Subi East will reflect and celebrate the rich heritage and history of the area, and the role it has played in the lives of generations of Western Australians. Dual cultural narratives of indigenous and non-indigenous history will be imbedded throughout the project. The stories and heritage of the Whadjuk people will be recognised and shared throughout Subi East, reflecting their ancient connection to the area.

The precinct will reflect the local character of Subiaco, with tree-lined, leafy streets and green spaces a key feature of the new community. Community members will have a unique opportunity to enjoy and engage with WA’s historic home of football, with Subiaco Oval opened up for all to enjoy as public open space in the heart of Subi East. The historic significance of Subiaco Oval will be celebrated and preserved, with the heritage-listed gates and the Sandover Medal Walk to be restored and protected. Princess Margaret Hospital provided care and comfort to WA children for more than 100 years. The strong connections many Western Australians feel to the former hospital will be recognised and celebrated through the preservation of some existing buildings, including the heritage listed Godfrey House and the Multi Faith Centre, which will be adapted for future use.

Will there be affordable housing?

The design of Subi East will conform to the State’s policies on affordable housing. The project will also ensure that a diversity of housing types are provided within any future development.

How will development impact surrounding landowners financially?

The State Government will invest significantly in the urban renewal of Subi East. This will include removal of the aging Subiaco Stadium and former Princess Margaret Hospital, to pave the way for new public spaces, amenities, and infrastructure, which is expected to catalyse quality private development. The overall objective is to realise the potential of the area and deliver a liveable, high-quality precinct that capitalises on its proximity to the city and access to transit links.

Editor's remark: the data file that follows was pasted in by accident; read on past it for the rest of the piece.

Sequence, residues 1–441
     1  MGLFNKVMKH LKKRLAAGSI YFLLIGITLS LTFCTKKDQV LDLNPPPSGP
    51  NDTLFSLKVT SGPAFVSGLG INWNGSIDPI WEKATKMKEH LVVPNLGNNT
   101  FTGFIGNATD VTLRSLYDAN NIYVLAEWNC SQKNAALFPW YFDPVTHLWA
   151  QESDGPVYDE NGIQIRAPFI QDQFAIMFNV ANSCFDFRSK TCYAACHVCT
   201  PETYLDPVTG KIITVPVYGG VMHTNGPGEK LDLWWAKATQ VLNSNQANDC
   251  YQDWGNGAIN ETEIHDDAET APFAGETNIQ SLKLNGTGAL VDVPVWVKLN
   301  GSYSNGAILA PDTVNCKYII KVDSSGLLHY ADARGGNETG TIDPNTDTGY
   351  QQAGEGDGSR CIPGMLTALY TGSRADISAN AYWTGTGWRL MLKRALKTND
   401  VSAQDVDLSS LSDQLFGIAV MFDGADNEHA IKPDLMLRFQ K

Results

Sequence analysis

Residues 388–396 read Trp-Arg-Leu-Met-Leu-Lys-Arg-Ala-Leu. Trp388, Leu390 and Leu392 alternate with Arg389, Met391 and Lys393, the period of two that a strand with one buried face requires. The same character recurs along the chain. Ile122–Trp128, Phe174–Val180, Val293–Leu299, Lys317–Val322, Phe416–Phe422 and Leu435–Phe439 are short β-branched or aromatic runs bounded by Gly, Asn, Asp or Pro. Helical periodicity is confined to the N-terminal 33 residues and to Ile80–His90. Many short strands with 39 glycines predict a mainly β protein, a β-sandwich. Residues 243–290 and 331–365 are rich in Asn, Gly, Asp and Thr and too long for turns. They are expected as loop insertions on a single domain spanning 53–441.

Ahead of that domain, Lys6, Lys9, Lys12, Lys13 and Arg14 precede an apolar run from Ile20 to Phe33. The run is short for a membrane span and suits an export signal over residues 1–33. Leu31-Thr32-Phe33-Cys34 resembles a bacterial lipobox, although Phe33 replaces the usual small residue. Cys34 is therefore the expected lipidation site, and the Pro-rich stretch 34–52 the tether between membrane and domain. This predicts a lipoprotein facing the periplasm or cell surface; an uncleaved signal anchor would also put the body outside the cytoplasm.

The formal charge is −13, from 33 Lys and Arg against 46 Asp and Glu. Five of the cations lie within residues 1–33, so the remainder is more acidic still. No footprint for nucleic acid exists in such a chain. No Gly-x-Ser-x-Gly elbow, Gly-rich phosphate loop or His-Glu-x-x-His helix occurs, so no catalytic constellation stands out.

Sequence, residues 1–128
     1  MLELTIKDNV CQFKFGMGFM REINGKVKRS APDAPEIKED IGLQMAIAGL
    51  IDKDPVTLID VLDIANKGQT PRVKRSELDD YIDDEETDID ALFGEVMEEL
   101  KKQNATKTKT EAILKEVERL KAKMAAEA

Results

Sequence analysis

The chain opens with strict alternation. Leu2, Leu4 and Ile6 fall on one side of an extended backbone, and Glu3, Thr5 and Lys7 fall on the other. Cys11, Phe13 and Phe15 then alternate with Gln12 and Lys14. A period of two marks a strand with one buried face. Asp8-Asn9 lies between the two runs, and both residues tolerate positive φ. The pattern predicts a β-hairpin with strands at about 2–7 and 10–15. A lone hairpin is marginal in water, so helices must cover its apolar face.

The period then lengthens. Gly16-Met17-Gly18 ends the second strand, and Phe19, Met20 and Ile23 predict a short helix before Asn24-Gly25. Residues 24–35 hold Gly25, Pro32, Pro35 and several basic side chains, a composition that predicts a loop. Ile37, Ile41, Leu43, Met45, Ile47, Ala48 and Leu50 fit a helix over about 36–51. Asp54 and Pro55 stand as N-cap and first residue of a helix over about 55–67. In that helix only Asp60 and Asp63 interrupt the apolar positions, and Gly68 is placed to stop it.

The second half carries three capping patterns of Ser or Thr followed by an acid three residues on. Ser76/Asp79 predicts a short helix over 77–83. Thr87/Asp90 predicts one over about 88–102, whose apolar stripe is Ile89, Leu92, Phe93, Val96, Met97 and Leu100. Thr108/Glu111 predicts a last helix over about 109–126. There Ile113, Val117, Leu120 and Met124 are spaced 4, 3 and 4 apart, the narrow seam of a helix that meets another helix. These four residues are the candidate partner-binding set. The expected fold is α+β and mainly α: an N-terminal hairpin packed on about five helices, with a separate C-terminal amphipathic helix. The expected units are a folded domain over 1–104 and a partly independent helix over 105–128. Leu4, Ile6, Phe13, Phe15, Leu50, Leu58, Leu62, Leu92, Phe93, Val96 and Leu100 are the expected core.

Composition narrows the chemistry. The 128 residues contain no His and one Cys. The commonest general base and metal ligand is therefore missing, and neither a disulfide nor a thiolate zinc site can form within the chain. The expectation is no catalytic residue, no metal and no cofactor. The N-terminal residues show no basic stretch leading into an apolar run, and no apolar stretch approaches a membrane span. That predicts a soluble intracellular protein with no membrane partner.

Are any trees being removed?

The Concept Vision identifies the retention of two fig trees on Haydn Bunton Drive in situ, whilst one fig tree is to be relocated adjacent to Inner City College.

It is intended to retain all mature trees on the site of the stadium as part of the demolition works. A detailed review from an aborist will be undertaken to confirm the long term viability of the trees.

Why does the Vision Concept look bulky and boring?

Yes, at the moment it does look a bit boring. But this is because we’re only at the vision stage. The buildings shown in the drawing are indicative only – demonstrating where buildings are likely to be located, not what they will actually look like. Design Guidelines will soon be developed to guide the design of future buildings within the precinct, including information on heights, setbacks, podiums, preferred land uses and sustainability ratings.

What is Master Planning?

A master plan is a detailed long-term planning document that provides a sites layout to guide future growth and development. Master planning is about making the connection between buildings, public areas, and the surrounding environments. This process determines, the sites layout in detail, heights, and the public spaces.

When will the Master Planning Phase begin?

Master planning on the Subi East Redevelopment will begin once Government formally approves funding for the project to proceed. Once funding has been approved, the project team will procure a wide range of consultants to assist in refining the initial concept plan.

Will I be able to have input into the Master Planning Phase?

Yes. All of the community feedback to date will be collated and provided to a team of consultants. It is envisaged that there will be a number of opportunities for the community to be involved in the next level of planning - particularly around areas such as Traffic, Urban design, Heritage and Landscape design. These areas have been identified based on the feedback received to date from the community. Details of opportunities for input will be provided over the coming months.